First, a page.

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Undersized courts for exciting sports- KCL Handball wants to make a statement at their first ever varsity game

KCLHA after a dominating win against UCL

If you’re from the continent, it’s very likely that you know of what is arguably France, Germany, Spain and Denmark’s second-most popular sport: Handball. Strangely enough, despite a peak in popularity after the London olympics, the sport that attracted just over an accumulated 900,000 spectators for last month’s world cup is less popular on our side of the channel than schnapps, but KCL handball have been bucking the trend since 2013.


Led by club president Michal and team captain Anton, whom I both met to chat about the society, their 19-strong squad isn’t quite threadbare but it is quite thin. With only 4 players left from last season, the annual rebuild has become a habit for the KCLHA faithful, who usually have to make do with a mix of newcomers and continental foreign exchange students. However, this challenge brings with it a silver lining- squad diversity. With players from 13 different countries, Michal, who’s been playing handball for 12 years, feels that he’s learnt a significant amount about the game this year because of the wide variety of players.


This silver lining has also translated into results too: seven wins, one draw and no losses. Champions of their London league and into the next round of the nationals, Michal and Anton both admire how the mix of talented and inexperienced players has created a squad that has progressed constantly throughout the year, capable of competing at a very high level- something they can prove at the next round of nationals in Gillingham in late February. However, it is at that high level that you’re crashed back down to earth and forced to realise the issues that the sports unpopularity brings with it.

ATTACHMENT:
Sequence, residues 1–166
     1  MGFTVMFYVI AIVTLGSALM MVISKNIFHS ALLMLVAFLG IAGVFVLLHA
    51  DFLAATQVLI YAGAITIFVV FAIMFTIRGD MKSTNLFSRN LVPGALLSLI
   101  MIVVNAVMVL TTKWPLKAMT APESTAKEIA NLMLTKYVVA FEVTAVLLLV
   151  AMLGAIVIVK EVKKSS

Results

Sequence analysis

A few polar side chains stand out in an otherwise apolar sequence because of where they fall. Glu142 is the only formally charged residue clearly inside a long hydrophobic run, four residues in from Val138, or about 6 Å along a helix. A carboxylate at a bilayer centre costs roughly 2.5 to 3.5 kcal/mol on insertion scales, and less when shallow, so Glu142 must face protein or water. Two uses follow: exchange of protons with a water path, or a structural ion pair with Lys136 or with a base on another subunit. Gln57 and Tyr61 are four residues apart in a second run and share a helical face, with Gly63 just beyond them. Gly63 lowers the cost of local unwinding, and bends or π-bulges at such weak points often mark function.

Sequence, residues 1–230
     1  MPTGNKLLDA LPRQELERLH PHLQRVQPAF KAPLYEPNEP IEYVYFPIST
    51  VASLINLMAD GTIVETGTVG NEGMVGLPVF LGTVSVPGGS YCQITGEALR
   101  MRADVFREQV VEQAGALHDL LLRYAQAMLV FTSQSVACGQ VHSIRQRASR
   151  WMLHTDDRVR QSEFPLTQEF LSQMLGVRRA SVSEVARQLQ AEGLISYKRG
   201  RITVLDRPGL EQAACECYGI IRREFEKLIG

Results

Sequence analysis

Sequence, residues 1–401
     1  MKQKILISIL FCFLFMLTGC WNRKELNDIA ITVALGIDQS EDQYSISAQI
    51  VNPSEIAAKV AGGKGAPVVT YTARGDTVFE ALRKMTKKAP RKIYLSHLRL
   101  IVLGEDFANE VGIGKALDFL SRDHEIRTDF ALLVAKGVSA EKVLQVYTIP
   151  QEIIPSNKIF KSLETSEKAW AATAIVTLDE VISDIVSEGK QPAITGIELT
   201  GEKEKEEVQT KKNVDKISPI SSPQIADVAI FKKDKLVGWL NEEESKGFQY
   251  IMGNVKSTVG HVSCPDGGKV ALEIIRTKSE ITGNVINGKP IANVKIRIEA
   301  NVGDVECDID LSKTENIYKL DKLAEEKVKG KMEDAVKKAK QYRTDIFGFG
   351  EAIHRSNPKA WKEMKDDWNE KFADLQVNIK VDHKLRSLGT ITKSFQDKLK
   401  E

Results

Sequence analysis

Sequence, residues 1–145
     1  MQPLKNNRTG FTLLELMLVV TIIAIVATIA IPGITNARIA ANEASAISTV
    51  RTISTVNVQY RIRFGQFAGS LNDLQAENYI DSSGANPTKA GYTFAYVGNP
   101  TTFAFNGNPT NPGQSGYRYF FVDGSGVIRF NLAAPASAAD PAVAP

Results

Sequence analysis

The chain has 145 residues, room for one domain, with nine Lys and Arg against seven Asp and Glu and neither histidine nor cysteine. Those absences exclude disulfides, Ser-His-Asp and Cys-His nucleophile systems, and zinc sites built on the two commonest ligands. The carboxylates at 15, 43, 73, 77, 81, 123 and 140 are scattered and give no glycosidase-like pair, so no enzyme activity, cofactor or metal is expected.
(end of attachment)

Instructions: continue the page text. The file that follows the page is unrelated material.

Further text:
Every mention of the word “Gillingham” was met by sighs from Anton and Michal, who, despite winning four out of four last time out, have bad memories of the venue. An almost half-sized court, badly placed goals and chronically biased referees make for a dangerous venue, where Michal got a concussion after two shots straight to the head- something that could have been avoided were the goal placed at a less tight angle and had the referee sanctioned the opposite player for dangerous play. However, they both recognise the inevitability of the venue, as it is one of the few handball venues in the country.
Despite the team’s quarrels with the choice of venue, they will still have to play five tough games in one day to secure their spot in the finals. With only the nationals and varsity left, KCLHA are quietly confident and know that every game from now on is a final. Catch their varsity game at Barking Sporthouse and Gym on the 9th of March at 9am.

Collector of Tesco clubcard points.



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